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Pablo Escobar’s Feral Hippos Face Cull in Colombia

Colombia is to cull some of the 166 hippos descended from a herd owned by drug lord Pablo Escobar in the 1980s.

Environment Minister Susana Muhamad said that 20 would be sterilised, others would be transferred abroad – and “some” would be euthanised.

Experts have for years tried to control the hippo numbers.

Escobar imported the animals for his private zoo at Hacienda Nápoles. They were left to roam after he was killed in a shootout with police in 1993.

Authorities have tried various approaches to curb the population explosion in Colombia’s main river, the Magdalena, including sterilisation and transferring individuals to zoos abroad.

Efforts failed to contain the herd’s growth, however, with a lack of predators and the fertile and swampy Antioquia region providing perfect conditions for the native African animal to thrive.

Their fate was sealed when hippos were declared an invasive species last year, opening the door to a cull.

“We are working on the protocol for the export of the animals,” Ms Muhamad was quoted as saying by local media.

“We are not going to export a single animal if there is no authorisation from the environmental authority of the other country.”

She said the ministry was creating a protocol for euthanasia as a last resort.

Colombian experts have long warned that the hippos’ uncontrolled reproduction poses a threat to humans and native wildlife.

Estimates suggest that the population could reach 1,000 by 2035 if nothing is done, but animal activists say sterilization entails suffering for the animals – and great danger for the vets doing it.

The hippo is one of the largest land animals, with adult males weighing up to three tonnes. They are also among the most dangerous, killing around 500 people a year.

Fishing communities along the Magdalena River have come under attack and some hippos invaded a school yard, although no one has been killed.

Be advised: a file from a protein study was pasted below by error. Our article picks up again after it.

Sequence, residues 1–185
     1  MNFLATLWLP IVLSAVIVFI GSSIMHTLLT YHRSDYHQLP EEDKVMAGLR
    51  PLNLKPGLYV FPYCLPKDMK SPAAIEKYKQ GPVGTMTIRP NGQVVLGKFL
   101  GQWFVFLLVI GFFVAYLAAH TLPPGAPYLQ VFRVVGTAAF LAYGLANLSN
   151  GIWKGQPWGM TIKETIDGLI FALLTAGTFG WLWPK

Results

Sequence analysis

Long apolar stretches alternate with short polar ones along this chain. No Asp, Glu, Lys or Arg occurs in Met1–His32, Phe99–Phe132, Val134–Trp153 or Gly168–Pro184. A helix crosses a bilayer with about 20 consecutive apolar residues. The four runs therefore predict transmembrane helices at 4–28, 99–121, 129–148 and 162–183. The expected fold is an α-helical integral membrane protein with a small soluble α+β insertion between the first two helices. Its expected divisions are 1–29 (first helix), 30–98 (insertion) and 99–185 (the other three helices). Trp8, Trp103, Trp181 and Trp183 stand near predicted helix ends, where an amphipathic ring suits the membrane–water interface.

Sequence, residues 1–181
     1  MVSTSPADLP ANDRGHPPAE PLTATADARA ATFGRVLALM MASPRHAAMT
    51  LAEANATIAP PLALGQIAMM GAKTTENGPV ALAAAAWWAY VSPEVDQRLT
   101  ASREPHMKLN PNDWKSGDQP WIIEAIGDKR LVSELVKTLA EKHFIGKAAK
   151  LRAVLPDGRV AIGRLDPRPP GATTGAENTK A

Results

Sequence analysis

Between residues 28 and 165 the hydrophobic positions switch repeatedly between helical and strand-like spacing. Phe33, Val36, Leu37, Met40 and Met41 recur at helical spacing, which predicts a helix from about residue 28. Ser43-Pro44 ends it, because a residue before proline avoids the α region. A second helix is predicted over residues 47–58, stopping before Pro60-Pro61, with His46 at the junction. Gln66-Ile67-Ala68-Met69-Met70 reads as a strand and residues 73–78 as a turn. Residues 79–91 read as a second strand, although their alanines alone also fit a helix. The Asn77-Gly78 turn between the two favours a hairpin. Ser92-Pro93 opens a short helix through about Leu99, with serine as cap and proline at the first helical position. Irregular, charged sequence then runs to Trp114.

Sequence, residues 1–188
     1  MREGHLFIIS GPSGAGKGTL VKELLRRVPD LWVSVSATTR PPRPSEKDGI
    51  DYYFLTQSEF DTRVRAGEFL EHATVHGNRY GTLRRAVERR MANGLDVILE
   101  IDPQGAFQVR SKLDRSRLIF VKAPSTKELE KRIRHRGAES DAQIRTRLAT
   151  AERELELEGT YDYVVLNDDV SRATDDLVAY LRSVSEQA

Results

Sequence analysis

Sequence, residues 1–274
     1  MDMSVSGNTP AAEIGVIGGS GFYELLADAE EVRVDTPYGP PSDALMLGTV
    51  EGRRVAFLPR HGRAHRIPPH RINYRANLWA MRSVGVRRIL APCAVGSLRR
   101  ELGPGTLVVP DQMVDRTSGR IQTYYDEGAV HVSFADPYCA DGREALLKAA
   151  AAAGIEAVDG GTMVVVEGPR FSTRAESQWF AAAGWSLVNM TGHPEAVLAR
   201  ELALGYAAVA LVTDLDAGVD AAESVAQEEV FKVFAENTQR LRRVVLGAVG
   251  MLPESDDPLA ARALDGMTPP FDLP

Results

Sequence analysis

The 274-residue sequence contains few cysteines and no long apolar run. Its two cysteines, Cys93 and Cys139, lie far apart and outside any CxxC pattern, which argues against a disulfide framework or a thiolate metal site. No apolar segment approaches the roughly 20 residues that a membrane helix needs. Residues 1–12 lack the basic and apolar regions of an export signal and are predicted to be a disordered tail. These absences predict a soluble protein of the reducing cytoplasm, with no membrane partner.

Escobar was the head of the Medellín cartel and dubbed the “cocaine king” who amassed an estimated $30bn (£25bn) fortune smuggling drugs into Miami and the southern United States.

His reign of terror spanned more than a decade and involved kidnappings, hundreds of murders, bribery, bombings and turf wars with rival drug barons – as well as a brief sojourn as an elected politician.

As one of the most-wanted men on the planet, he gave himself up to Colombian authorities in 1991 on agreement that he would spend five years in a prison he had built, known as La Catedral.

Escobar went on the run a year later amid government attempts to move him to a more secure jail.

With a $2m US bounty on his head, he met his end in his home town of Rionegro – he was shot dead on a rooftop on 2 December 1993 as he tried to evade police.

He left a legacy of violence but also the 5,500-acre Hacienda Nápoles, private citadel in Antioquia containing, among other things, a menagerie of four hippos, plus giraffes, camels and zebras.

The hacienda was given over to poor locals by the government after Escobar’s death, and the hippos were left to roam free as they were deemed too difficult to seize.

Source : BBC